Back in the early 1900s, when people talk about enjoyment, excesses of life (for guys, ..yes sexual bias) ... it was "wine, women and song". Funny though, they'd probably be drinking not so fine wines then but everything's relative. Women are women la. Song is more live cabaret singers as vinyl and radio weren't so prevalent then. That was the mantra for a hedonistic, indulgent behaviour.
The pleasure-seeking mantra wasn't an English invention. Similar tripartite mottoes have existed for a long time in many languages, for example:
Bengali/Hindi/Sanskrit – "Sur, Sura, Sundari" (music, wine and woman)
Bulgarian – "Пиене, ядене и някоя сгодна женица" (drink, food and a good woman)
Czech – "Víno, ženy a zpěv" (wine, women and singing)
Danish – "Vin, kvinder og sang" (wine, women and song)
Finnish – "Viini, laulu ja naiset" (wine, song, and women)
German – "Wein, Weib und Gesang" (wine, woman and singing)
Italian – "Bacco, tabacco e Venere" (Bacchus, tobacco and Venus)
Persian – "Kabab, Sharab va Shabab" (meat, wine and youth)
Norwegian – "Piker, vin og sang" (women, wine and song)
Polish – "Wino, kobiety i śpiew" (wine, women and song)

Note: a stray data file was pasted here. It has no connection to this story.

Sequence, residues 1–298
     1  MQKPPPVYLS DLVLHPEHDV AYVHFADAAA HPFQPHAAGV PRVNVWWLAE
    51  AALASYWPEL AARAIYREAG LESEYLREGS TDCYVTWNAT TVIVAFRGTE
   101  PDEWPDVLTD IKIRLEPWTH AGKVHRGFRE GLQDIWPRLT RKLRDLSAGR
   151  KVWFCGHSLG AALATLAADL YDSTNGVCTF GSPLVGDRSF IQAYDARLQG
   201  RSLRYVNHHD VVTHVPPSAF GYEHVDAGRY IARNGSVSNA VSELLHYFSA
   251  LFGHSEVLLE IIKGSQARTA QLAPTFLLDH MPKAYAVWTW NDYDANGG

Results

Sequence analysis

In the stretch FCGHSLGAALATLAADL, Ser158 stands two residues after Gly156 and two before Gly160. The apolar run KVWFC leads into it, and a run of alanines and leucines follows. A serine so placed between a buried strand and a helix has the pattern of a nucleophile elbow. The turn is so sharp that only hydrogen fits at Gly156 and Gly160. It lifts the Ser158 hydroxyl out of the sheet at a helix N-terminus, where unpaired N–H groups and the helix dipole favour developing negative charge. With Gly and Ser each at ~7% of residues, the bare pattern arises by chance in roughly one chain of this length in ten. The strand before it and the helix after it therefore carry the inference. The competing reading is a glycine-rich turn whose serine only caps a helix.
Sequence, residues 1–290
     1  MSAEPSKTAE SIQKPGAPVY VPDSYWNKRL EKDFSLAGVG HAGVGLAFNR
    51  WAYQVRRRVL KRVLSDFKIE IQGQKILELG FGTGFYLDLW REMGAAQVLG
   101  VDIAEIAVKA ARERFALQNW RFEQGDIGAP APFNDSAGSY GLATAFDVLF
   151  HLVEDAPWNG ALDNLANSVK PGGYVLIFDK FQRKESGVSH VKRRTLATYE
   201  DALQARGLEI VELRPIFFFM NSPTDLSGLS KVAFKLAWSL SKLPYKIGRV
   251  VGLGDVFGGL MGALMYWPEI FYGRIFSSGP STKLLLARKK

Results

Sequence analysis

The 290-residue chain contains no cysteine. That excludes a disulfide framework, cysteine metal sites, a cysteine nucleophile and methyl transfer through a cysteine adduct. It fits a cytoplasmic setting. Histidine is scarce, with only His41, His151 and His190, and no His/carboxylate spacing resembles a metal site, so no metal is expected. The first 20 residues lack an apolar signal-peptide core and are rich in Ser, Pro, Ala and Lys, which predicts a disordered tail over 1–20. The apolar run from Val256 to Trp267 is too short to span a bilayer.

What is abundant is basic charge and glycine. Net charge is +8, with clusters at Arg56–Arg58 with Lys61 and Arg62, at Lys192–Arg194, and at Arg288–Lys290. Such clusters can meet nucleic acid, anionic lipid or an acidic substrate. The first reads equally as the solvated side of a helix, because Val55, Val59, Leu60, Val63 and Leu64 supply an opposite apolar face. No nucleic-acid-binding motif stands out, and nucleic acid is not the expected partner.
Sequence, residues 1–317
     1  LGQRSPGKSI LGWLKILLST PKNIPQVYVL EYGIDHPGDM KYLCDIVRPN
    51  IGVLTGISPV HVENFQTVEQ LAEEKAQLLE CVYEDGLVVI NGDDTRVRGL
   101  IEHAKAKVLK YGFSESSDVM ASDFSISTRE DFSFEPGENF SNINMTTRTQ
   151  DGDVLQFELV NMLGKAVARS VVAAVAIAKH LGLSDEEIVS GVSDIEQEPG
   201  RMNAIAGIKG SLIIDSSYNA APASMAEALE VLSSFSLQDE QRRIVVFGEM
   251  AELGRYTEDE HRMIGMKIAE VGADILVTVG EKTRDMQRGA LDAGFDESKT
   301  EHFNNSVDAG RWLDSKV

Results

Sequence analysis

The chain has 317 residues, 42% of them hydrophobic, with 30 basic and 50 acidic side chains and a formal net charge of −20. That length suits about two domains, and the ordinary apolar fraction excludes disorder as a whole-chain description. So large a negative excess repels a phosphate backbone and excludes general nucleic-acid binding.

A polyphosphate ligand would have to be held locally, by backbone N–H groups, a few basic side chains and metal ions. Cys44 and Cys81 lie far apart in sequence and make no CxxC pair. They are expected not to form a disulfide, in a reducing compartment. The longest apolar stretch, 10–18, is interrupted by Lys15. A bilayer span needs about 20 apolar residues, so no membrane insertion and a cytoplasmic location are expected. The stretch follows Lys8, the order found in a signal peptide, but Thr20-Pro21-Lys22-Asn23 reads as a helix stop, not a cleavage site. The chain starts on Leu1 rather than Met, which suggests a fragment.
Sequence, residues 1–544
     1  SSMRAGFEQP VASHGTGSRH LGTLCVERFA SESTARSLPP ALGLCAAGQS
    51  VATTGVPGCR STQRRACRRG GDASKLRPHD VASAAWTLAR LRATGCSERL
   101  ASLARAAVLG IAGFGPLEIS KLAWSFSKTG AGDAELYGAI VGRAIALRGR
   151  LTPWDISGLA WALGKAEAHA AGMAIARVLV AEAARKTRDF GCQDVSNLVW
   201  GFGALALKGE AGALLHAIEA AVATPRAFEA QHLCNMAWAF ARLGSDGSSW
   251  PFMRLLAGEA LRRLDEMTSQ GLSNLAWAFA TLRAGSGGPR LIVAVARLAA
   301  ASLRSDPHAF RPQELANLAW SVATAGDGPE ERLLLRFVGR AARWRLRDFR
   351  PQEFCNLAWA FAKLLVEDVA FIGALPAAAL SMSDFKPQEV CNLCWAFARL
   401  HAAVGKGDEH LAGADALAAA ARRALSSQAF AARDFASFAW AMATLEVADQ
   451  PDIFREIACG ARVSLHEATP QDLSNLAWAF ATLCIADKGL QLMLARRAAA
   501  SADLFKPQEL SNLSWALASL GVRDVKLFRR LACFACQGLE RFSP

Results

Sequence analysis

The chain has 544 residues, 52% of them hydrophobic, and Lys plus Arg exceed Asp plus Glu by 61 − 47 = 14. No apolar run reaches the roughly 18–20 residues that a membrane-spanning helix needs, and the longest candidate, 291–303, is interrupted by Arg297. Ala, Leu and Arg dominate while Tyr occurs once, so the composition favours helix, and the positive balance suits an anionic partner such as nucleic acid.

Swedish – "Vin, kvinnor och sång" (wine, women and song)
Spain – "Naipes, Mujeres y Vino, Mal Camino" (cards, women and wine, bad ways)
Portuguese – "Putas e vinho verde" (whores and green wine)
I like the Italian one, which had tobacco, or in my case, cigars, and the Italians sure know how to put such things in wonderful words: Bacchus, tobacco and Venus. How to top that?
Persians have "meat, wine and youth" .... hmmm, interesting. Portuguese are so direct: "whores and green wine", I wonder.
The phrase "wine, women and song" may have also originated with the following couplet:
"Who does not love wine, women and song / Remains a fool his whole life long." Variations on this quote have been attributed to Martin Luther (not the 1960s Martin Luther), although Bartlett's Familiar Quotations names Johann Heinrich Voss (1751–1826) as a more likely source.
The waltz "Wine, Women and Song" (Wein, Weib und Gesang) is Op. 333 (1869) of Johann Strauss II had also been cited as a root influence.
Moving into the 60s and 70s, "wine, women and song" seemed so outdated and passe. The mantra morphed into "sex, drugs and rock n roll". The earlier phrase was sexist as "women" were objectified and neglected. The rise of feminism, peace and equal rights movement probably caused the mantra to be changed.
Though "sex, drugs and rock n roll" started in the 60s, the phrase wasn't coined till Ian Dury wrote the song "Sex, Drugs and Rock n Roll" in 1977. The phrase truly captured the turbulent and mind changing 60s and 70s. The shift in generational gap has never been wider. Older folks could not comprehend what the younger set was trying to do with their lives.
Know what, the Ian Dury's song is still pretty good sounding.
Anyone want to try and recoin the mantra for the present days???